Iranian Government Bans Sale of Open-Front ‘Manteau’ Women’s Coats

The head of Tehran’s Apparel Manufacturers and Retailers Union Abolghasem Shirazi has said that the sale of the open-front manto (women’s coat) has been banned. According to Mr. Shirazi, consumers can find a list of 200 stores which are authorized to sell garments made according to Islamic guidelines on the organization’s website. “These manteaus are fully closed in the front. They have been created by the Ministry of Culture and Islamic Guidance’s apparel design team,” he noted.

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There are 6,000 garment manufacturers and 11,000 clothing retailers in Tehran. Half of the shops sell manteaus exclusively. They also sell the “national chador” (full body veil).

Shirazi explained: “A total of 30 teams of three inspectors visit manufacturers and distribution centers around Tehran every three months to ensure that they adhere to strict Islamic dress codes.”

“Manufacturers must follow Islamic guidelines for designing garments. Unfortunately, the open-front manteaus are popular with some consumers, but they’ll be taken off the shelves,” Shirazi added. “The open front manteaus are worn over a full-length base layer which drops down to the knees. However, the traditional ones are worn over a pair of trousers.”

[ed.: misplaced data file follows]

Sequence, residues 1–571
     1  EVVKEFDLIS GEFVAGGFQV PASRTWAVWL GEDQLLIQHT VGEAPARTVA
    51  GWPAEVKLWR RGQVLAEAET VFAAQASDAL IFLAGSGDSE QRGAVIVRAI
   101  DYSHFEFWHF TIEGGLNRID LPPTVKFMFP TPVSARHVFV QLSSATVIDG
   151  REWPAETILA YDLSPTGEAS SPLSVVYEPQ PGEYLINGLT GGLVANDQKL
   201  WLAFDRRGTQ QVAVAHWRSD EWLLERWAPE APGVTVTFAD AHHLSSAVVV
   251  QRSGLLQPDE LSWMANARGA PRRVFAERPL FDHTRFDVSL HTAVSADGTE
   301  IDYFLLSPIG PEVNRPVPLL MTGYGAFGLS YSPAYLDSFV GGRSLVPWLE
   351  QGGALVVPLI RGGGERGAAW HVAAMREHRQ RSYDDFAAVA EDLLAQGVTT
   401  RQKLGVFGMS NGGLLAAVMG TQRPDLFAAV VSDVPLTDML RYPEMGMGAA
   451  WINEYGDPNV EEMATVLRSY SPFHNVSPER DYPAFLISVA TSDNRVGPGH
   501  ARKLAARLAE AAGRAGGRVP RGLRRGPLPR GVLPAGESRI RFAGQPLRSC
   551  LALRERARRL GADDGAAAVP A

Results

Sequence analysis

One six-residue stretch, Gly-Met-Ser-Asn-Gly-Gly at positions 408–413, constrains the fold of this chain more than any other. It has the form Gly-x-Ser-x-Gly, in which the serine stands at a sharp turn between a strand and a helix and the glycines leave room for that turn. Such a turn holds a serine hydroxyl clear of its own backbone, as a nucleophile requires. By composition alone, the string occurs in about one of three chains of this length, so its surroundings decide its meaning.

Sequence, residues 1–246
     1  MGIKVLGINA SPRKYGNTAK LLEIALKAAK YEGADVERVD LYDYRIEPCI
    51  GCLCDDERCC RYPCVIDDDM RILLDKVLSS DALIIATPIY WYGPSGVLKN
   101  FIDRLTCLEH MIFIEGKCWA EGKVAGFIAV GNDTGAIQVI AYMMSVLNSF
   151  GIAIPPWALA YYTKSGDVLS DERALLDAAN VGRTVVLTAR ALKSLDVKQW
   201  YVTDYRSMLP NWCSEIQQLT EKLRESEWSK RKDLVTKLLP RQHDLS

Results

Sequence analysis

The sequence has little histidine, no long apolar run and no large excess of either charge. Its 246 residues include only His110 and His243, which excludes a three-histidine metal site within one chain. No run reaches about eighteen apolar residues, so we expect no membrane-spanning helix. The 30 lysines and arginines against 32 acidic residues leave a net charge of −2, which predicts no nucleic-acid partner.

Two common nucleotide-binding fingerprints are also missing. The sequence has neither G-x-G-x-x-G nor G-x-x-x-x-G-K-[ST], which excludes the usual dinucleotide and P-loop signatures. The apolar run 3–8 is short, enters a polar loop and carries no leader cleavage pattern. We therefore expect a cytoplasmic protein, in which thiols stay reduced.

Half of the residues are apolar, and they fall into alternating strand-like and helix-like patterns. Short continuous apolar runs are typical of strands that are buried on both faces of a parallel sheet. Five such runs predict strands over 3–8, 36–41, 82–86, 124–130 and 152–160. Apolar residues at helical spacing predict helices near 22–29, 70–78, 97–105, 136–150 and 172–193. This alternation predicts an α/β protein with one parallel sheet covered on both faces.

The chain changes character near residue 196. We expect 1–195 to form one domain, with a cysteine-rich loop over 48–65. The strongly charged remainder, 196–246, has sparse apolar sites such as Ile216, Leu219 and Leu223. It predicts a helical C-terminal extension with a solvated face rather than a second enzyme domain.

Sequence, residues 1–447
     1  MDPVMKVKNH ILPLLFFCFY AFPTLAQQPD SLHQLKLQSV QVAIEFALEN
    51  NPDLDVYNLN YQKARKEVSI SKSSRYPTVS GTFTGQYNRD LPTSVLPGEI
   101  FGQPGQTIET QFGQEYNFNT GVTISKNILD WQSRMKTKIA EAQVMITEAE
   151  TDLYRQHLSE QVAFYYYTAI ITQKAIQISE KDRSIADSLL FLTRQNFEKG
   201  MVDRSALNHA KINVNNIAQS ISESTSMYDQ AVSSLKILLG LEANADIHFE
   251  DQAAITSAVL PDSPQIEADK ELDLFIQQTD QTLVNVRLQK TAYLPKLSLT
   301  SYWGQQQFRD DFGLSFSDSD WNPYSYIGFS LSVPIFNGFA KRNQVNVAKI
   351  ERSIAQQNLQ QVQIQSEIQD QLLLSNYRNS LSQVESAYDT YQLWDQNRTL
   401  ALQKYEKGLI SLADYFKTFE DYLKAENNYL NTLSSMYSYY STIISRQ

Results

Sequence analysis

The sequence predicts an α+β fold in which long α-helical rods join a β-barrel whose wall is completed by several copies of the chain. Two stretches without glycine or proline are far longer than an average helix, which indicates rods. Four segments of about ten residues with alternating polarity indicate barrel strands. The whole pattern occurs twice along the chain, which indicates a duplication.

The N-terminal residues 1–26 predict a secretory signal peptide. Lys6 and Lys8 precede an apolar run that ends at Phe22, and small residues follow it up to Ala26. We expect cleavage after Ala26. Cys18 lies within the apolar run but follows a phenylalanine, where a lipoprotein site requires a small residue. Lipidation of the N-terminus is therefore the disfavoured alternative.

“More than 99 percent of manteaus have been produced domestically in the past two years, because we’ve made great progress in the area of design, especially since the Fajr Festival,” Shirazi said. “Our modern Islamic designs have been showcased at various festivals. They are also on permanent display at the National Islamic Design and Fashion Institution.”

Iranian women remain defiant in the face of relentless efforts by the authorities to impose greater restrictions on them. Nowadays, well-known personalities and ordinary Iranians do not observe stringent Islamic dress codes. Traditional women’s clothing stores have experienced a dramatic drop in sales. Meanwhile, underground boutiques in Tehran which offer bolder designs and progressive styles have become increasingly popular with girls and women.

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“It is impossible to investigate these unlicensed shops, because most of them operate from homes. We’ll notify the housing authorities as soon as people let us know the location of these illegal establishments,” Shirazi said.

[Translated from Persian by Fardine Hamidi]

Link to the Farsi page



  1. Will these people ever stop persecuting and controlling women in their society! Sad male population so terrified of women they should be spending their time and money trying to find ways of helping others less fortunate in their country and elsewhere instead!!’

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